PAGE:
Importantly, by contrast, the economics of property rights in intellectual property are not particularly well understood. While there is a large and growing body of scholarship that examines the complex economic questions that surround intellectual property, many key questions remain unresolved—and tough new questions seem to pop up each time we turn another “cybercorner.” In Richard Epstein's 2006 PFF paper, “Why Libertarians Shouldn't Be (Too) Skeptical About Intellectual Property,” he articulates this point with his usual brilliance.

    Boyle’s thesis in Bipolar Economics seems to be that pro-market academics tend to underestimate the challenges of designing an intellectual property protection regime that maximizes social welfare. Perhaps Boyle overstates his case – numerous law and economics scholars have published countless articles analyzing the economics of intellectual property in great depth – but, in my experience, it’s also true that many advocates and scholars who purport to believe in “free markets” tend to be overly eager to expand the scope of intellectual property rights without first carefully and critically gathering and assessing the empirical evidence. I find this tendency to be deeply troubling; after all, the harmful social consequences of overprotecting intellectual property can be just as serious as those of underprotecting it.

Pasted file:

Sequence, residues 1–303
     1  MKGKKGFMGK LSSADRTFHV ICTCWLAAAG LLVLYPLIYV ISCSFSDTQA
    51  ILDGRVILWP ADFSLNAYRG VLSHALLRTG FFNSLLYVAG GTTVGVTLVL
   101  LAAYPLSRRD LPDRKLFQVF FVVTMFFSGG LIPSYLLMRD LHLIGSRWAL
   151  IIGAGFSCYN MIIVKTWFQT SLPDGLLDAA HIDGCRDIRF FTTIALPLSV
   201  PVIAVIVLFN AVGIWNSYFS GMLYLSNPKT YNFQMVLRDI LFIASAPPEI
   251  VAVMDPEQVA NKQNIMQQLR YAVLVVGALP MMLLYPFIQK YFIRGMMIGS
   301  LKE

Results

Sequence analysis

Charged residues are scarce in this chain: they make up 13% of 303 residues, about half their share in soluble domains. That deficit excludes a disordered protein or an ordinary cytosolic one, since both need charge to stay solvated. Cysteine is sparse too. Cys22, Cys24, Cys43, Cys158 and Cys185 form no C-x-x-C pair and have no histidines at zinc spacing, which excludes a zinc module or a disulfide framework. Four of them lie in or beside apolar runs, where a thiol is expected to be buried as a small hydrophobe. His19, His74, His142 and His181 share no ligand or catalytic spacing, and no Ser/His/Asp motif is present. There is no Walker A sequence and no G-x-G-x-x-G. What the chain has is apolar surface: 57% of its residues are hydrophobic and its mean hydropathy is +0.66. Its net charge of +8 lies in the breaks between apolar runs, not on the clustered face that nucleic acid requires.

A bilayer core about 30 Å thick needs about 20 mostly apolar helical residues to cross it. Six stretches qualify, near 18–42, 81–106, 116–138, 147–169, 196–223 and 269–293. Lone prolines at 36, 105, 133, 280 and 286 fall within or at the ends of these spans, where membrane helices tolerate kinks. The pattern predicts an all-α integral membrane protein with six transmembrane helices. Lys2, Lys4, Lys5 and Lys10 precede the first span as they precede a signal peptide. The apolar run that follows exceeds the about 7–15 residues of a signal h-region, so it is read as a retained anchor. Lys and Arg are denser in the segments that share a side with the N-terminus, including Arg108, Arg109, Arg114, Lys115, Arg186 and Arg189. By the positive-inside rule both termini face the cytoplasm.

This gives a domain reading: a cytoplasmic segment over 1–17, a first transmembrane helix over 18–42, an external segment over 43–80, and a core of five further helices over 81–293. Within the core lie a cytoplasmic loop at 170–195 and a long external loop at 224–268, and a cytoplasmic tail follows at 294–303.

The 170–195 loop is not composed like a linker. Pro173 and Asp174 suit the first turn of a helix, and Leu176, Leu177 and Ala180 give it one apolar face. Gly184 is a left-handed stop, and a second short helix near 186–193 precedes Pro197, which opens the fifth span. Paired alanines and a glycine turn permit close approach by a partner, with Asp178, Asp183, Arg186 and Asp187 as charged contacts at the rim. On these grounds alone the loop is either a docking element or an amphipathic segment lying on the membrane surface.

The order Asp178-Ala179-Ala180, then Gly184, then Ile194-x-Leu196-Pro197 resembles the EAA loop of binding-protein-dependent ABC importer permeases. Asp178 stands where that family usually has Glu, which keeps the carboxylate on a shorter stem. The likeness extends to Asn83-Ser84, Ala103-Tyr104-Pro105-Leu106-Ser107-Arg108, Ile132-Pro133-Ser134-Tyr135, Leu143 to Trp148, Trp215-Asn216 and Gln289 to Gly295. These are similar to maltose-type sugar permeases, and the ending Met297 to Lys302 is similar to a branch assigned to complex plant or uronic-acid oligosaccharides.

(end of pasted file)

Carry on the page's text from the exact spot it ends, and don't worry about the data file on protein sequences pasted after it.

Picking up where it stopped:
Boyle’s comparison between antitrust and intellectual property does seem a bit strained, but I do think we’d be better off today if the Tom Hazletts of the world had applied their rightful skepticism towards antitrust to laws expanding the scope of intellectual property protection. It’s my understanding that the enactment of the DMCA (which includes anti-circumvention provisions that Boyle and I both find very troubling) was largely devoid of any serious economic analysis exploring the law’s implications for social welfare.

  • Mwendy

    Ryan, Mike Wendy here (to keep the theme going). I have to say that I do not share Jones' or Boyle's point of view on the free culture, etc. stuff. They were at the forefront of working to impose FLOSS on governments through law, rule or regulation, denying merit-based choice just to advance their social movement (pushing classic doublespeak – we promote more choice by limiting it – the “it” being proprietary software). They are also intimately involved with Groklaw and Paula Jones (whoever / whatever that entity might be). In fact, a couple years ago, on trying to find Paula Jones (what was I thinking?), I had one of the odder conversations I have ever had in my entire life (not just in the policy world) with Paul Jones, who just couldn't answer one question straight. Needless to say, I do not share your same high opinion of the duo.